The Happy Home Cook: Lying Laing (Kale Greens in Coconut Milk)

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Marvin Gapultos' Lying Laing

Marvin Gapultos' Lying Laing

Laing (pronounced "lah-ing") is conventionally made with fresh or dried taro leaves slowly simmered in coconut milk. But I've found that kale makes for a wonderfully hearty substitute for what I like to call "Lying Laing." Although the faux laing may initially upset Filipino food traditionalists, they won't be able to resist the deliciously tender kale in its spicy coconut broth.

I like the texture and bite of lacinato kale (also called Tuscan kale or dinosaur kale), but any variety of kale works well in this recipe.

Serves 4-6
Prep time: 15 minutes
Cooking time: 25 minutes


2 tablespoons oil
1 onion, diced
4 cloves garlic, minced
1-inch (2.5 cm) piece fresh ginger, peeled and minced
1-2 Thai chili peppers, split in half lengthwise with stems intact
1 tablespoon fermented shrimp paste
1 pound (500 g) kale, washed, center ribs and stems removed, leaves roughly chopped
1/2 cup (125 ml) shrimp stock (see below) or water
1 1/2 cups (375 ml) coconut milk
Salt, to taste
Freshly ground black pepper, to taste


Heat a large wok or saute pan over high beat until a drop of water sizzles and evaporates on contact. Swirl the oil into the pan, and then add the onion and stir-fry until the pieces wilt and begin to lightly brown, 2-3 minutes.

Add the garlic, ginger, chili peppers and shrimp paste to the pan and cook until fragrant, about 1 minute.

Toss the kale into the pan, and then cook and stir until the kale cooks down and wilts, 1-2 minutes.

Pour the Shrimp Stock and coconut milk into the pan and stir to combine. Bring to a boil, and then reduce heat to low and simmer, uncovered, until the kale is tender, 10-15 minutes. Season to taste with salt and black pepper. Serve with steamed white rice.

Cook's Note: You can omit the shrimp paste and instead stir in 1 tablespoon of fish sauce when adding the coconut milk and water. Otherwise, you can season with additional salt. 

Shrimp Stock

Makes about 8 cups (about 1.75 liters)
Prep time: 30 minutes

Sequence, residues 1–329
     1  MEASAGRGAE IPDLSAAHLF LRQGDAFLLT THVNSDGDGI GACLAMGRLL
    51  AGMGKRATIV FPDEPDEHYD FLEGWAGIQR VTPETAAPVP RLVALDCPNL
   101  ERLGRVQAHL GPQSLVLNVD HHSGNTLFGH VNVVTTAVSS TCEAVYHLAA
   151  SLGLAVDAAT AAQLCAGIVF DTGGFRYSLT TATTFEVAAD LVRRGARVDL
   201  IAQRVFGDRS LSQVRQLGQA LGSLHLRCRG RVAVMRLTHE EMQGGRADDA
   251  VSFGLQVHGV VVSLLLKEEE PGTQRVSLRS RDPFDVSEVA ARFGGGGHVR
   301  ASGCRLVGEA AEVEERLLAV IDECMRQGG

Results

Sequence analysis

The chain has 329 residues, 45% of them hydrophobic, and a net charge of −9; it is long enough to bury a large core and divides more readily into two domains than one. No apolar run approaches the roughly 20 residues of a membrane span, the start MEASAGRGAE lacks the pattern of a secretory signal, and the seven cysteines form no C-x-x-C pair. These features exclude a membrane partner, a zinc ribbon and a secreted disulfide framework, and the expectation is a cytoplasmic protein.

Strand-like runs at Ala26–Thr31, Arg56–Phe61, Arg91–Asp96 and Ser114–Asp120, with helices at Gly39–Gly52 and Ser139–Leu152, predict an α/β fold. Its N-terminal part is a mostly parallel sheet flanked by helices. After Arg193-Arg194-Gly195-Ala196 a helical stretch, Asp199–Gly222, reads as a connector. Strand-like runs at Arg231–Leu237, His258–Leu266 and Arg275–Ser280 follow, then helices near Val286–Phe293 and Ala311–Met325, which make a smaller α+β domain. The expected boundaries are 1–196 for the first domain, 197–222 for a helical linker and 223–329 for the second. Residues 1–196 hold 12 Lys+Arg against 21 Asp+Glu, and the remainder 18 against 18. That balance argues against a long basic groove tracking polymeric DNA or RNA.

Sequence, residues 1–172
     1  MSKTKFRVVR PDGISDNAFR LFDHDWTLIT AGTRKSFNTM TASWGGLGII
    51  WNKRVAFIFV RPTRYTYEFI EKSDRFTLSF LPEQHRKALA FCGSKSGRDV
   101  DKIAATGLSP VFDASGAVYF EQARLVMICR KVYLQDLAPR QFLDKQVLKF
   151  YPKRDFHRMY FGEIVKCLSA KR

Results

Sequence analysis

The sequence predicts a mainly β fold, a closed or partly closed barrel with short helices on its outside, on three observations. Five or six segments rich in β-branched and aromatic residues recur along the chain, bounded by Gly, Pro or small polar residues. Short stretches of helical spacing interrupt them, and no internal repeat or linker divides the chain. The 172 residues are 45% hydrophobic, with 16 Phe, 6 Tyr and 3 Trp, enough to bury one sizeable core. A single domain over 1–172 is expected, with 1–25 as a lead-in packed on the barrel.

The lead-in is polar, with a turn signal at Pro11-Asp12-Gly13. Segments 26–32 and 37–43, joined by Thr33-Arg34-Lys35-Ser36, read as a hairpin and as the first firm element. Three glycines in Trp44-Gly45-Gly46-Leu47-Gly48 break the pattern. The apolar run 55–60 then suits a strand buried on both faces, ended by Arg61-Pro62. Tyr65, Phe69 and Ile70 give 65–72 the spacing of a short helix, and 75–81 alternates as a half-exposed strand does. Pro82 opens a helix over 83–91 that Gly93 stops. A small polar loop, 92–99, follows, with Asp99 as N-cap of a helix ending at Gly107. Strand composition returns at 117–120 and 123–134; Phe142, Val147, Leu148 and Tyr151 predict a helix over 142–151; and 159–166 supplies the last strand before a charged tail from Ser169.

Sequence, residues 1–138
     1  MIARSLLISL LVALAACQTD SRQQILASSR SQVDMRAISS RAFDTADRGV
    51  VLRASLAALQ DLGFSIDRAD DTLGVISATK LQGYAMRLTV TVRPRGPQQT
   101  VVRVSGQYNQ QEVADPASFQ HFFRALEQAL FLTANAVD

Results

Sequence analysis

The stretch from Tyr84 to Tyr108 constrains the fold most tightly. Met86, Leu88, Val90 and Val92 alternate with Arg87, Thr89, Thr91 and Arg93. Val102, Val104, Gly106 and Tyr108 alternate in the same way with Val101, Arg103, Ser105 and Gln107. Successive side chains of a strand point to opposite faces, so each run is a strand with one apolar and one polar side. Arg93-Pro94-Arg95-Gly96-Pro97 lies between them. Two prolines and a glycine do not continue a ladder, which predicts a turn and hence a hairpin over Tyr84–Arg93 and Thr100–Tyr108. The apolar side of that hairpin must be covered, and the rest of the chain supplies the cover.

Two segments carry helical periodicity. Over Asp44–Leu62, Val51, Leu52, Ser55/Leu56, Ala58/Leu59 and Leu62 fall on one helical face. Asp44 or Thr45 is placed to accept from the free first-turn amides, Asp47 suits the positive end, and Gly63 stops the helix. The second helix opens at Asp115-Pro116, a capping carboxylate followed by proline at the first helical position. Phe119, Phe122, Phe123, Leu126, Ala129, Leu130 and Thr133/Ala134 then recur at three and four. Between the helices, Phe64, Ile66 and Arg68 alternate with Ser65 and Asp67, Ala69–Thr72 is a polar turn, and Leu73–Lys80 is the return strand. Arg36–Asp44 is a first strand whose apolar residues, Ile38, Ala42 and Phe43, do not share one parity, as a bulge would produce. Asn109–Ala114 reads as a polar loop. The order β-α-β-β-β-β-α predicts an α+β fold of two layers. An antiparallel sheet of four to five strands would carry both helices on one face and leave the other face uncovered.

Cooking time: 30 minutes


1 pound (500 g) raw, head-on, shell-on medium shrimp
3 cloves garlic, smashed with the side of a knife and peeled
2 bay leaves
1 teaspoon whole black peppercorns
8 cups (1.75 liters) water


Peel and devein the shrimps, adding the shrimp heads and shells to a large pot and reserving the peeled shrimp for another use.

Place the garlic, bay leaves and peppercorns into the center of a square of cheesecloth. Gather the edges of the cheesecloth together to form a bundle, and then tie it closed with kitchen string.

Add the cheesecloth bundle to the pot with the shrimp heads and shells, and then add the water. Bring to a boil over high heat, and then cover the pot and simmer over low heat for 30 minutes. Skim off and discard any foam that rises to the top with a spoon or ladle.

Remove and discard the cheesecloth bundle from the pot. Working in batches, blend the shrimp head and shells, along with the liquid from the pot, in a blender. Blend until the shrimp head and shells are completely pureed, making sure you use all the liquid from the pot.

Pour the stock through a fine mesh strainer and into a large bowl. Push on the solids in the strainer to extract as much liquid as possible. Discard the remaining solids in the strainer.

Allow the stock to cool completely before storing in the refrigerator for 2-3 days or in the freezer for up to a month.

Cooks Note: You can substitute the shrimp shells and heads with 1 lb (500 g) of crab or lobster shells, or even fish heads and bones, to instead make a seafood stock. Just simmer the shells or bones with water as directed above, and then strain the stock after 30 minutes.

Do not attempt to blend crab or lobster shells, or fish heads or bones, in your blender. 

Reprinted with the author's permission from The Adobo Road Cookbook: A Filipino Food Journey -- From Food Blog, to Food Truck, and Beyond

Marvin Gapultos

Marvin Gapultos

Marvin Gapultos is the author of the celebrated food blog, Burnt Lumpia (, and was the founder of Los Angeles’ first gourmet Filipino food truck, The Manila Machine. His first cookbook entitled, "The Adobo Road Cookbook: A Filipino Food Journey--From Food Blog, to Food Truck, and Beyond" is available for sale at Barnes and Noble bookstores, as well as from Amazon. Check out his Amazon site:

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